The yen and the US dollar posted annual gains versus the euro as the first simultaneous recessions in the US, Europe and Japan since World War II encouraged investors to take refuge in the currencies.
The US dollar fell the most against the yen in more than 20 years last year on speculation the Federal Reserve’s zero interest rate would undermine demand for the greenback. The euro recorded its biggest rally against the pound since its 1999 debut, trading within 5 pence of parity on speculation the recession in the UK will deepen.
“It was a year of deleveraging, a year of dollar demand caused by uncertainty and a reversion to yen strength,” said Matthew Kassel, director of proprietary trading at ING Financial Markets in New York.
The US dollar dropped 19 percent to ¥90.86 yesterday from ¥111.75 at the end of 2007, the biggest decline since 1987. It gained 4.5 percent to US$1.3966 per euro from US$1.4057, the first increase in three years. It touched US$1.6038 on July 15, the weakest level ever. Europe’s currency decreased 22 percent to ¥126.82 from ¥163.04.
The rand was the worst performer against the US dollar last year among major currencies tracked by Bloomberg, weakening 27 percent to 9.4375 as commodity prices fell and investors pulled money from higher-yielding assets.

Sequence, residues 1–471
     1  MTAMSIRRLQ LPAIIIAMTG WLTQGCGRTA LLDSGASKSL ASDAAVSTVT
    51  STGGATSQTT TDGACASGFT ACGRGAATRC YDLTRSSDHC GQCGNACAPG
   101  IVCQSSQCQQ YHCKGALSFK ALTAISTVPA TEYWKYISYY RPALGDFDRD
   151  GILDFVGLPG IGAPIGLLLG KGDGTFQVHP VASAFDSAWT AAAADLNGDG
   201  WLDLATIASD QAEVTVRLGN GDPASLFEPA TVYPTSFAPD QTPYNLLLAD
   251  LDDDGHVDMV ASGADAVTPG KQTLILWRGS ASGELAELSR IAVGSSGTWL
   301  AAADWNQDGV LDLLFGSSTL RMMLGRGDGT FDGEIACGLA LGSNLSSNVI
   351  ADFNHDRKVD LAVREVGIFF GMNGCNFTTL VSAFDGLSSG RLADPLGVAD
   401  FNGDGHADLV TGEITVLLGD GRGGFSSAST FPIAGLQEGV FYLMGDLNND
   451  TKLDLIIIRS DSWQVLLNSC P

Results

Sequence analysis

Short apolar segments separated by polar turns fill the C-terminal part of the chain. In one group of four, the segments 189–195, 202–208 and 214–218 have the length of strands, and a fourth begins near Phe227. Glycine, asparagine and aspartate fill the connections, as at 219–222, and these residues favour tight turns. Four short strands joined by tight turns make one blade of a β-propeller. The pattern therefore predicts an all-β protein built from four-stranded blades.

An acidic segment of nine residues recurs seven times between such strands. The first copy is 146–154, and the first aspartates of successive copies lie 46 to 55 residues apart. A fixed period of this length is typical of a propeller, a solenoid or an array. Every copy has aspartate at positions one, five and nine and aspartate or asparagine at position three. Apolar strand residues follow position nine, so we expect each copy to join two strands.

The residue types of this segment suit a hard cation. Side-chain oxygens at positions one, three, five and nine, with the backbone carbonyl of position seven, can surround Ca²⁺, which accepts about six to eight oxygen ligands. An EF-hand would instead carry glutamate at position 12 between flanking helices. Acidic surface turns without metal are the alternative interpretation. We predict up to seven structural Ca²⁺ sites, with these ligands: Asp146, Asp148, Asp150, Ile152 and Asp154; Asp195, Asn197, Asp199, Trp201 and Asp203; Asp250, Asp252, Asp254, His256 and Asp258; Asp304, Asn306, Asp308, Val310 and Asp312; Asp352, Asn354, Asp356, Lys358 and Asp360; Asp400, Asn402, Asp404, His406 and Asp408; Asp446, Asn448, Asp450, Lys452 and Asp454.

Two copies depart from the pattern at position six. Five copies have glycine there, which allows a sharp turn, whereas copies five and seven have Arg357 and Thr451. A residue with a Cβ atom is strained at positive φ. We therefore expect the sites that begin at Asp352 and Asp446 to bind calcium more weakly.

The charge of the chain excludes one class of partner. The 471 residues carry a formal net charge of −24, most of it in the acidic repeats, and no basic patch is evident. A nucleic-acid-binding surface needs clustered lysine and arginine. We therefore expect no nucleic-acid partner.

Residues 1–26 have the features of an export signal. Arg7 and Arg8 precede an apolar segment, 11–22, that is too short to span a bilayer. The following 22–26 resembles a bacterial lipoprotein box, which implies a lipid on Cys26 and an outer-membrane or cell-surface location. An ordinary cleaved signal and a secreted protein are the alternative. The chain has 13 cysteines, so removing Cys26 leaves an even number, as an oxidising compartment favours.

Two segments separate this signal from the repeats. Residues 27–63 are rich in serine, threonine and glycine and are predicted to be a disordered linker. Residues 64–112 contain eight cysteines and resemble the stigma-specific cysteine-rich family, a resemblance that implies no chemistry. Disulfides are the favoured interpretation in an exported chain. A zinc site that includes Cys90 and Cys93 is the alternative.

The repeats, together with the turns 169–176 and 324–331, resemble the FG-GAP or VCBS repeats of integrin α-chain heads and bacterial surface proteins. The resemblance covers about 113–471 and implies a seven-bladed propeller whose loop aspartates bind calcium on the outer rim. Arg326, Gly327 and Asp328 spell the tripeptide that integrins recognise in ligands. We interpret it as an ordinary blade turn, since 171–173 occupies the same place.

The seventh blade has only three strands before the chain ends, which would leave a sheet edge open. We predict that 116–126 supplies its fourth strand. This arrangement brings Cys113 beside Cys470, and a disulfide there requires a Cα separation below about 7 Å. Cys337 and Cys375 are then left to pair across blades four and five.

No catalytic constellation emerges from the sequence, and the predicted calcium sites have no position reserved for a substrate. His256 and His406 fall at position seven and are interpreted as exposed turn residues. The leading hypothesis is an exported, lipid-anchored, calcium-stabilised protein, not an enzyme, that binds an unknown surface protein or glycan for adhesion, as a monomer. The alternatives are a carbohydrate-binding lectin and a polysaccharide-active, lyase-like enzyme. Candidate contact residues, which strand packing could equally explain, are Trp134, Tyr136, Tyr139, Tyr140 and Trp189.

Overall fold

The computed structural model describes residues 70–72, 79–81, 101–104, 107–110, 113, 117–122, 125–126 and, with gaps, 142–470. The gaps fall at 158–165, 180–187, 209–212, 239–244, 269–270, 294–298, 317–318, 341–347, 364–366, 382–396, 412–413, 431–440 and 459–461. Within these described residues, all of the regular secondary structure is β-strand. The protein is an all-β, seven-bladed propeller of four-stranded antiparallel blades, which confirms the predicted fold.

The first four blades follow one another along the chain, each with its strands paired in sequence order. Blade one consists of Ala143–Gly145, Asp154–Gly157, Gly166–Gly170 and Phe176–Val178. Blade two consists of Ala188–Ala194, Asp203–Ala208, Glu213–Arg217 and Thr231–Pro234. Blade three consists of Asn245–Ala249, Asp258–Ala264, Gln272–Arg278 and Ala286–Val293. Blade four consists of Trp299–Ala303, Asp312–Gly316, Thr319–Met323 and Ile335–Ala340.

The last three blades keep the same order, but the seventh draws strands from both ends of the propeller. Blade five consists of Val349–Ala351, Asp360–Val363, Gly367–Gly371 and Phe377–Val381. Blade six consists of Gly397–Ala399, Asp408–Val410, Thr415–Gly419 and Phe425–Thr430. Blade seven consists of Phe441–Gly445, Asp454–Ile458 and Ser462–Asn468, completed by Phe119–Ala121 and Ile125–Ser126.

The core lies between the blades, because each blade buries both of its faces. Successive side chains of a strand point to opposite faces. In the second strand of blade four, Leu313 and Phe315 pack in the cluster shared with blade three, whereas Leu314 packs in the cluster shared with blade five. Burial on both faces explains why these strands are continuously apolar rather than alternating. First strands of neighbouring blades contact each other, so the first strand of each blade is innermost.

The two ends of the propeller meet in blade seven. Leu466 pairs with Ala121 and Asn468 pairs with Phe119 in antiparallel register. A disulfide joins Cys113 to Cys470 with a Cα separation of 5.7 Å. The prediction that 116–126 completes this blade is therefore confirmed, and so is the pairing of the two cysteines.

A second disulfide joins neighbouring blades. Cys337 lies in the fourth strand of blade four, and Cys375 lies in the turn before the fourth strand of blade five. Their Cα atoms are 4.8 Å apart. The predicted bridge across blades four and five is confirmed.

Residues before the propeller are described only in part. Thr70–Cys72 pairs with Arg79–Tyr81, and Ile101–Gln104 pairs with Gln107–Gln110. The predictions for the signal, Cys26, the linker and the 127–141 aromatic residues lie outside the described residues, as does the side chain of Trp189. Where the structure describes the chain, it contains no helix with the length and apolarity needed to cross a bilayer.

The euro gained 30 percent to 95.80 versus the pound last year, the most since its inception, and reached a record high of 98.03 pence on Dec. 30. The Bank of England reduced its benchmark interest rate by 3.5 percentage points to 2 percent to limit the fallout from the global financial crisis.
The yen gained versus all of the major currencies last year, strengthening 52 percent to ¥64.15 against the Australian dollar and 61 percent to ¥53.18 versus New Zealand’s currency as US$1 trillion in credit-market losses encouraged investors to unwind carry trades, in which they get funds in a country with low borrowing costs and buy assets where returns are higher.
Japan’s target lending rate of 0.1 percent compares with 4.25 percent in Australia and 5 percent in New Zealand.
The yen’s gains versus the US dollar undermined overseas sales for exporters including Toyota Motor Corp, Honda Motor Co and Sony Corp. Japan’s overseas sales declined a record 27 percent in November from a year earlier, Japan’s Finance Ministry said last month.
“Japanese authorities are very concerned about their industrial sector, and moving through 90 on a sustained basis will be very tough for them to tolerate,” said Robert Sinche, head of global currency strategy at Bank of America Corp in New York, in an interview on Bloomberg Television. “It will be difficult to get actual intervention unless we get another pretty hard shot down below 90.”
The US dollar may strengthen to US$1.25 per euro and trade at ¥90 at the end of the first quarter, according to median estimates of analysts in a Bloomberg News survey.
The Australian and New Zealand dollars posted their biggest annual declines against the US dollar since starting to trade freely.
The currencies last year reached their highest level against the US dollar in more than 20 years before sliding in tandem with commodities, which account for more than half the countries’ exports. The Aussie dollar dropped 19 percent last year to US$0.71, while New Zealand’s fell 24 percent to US$0.58.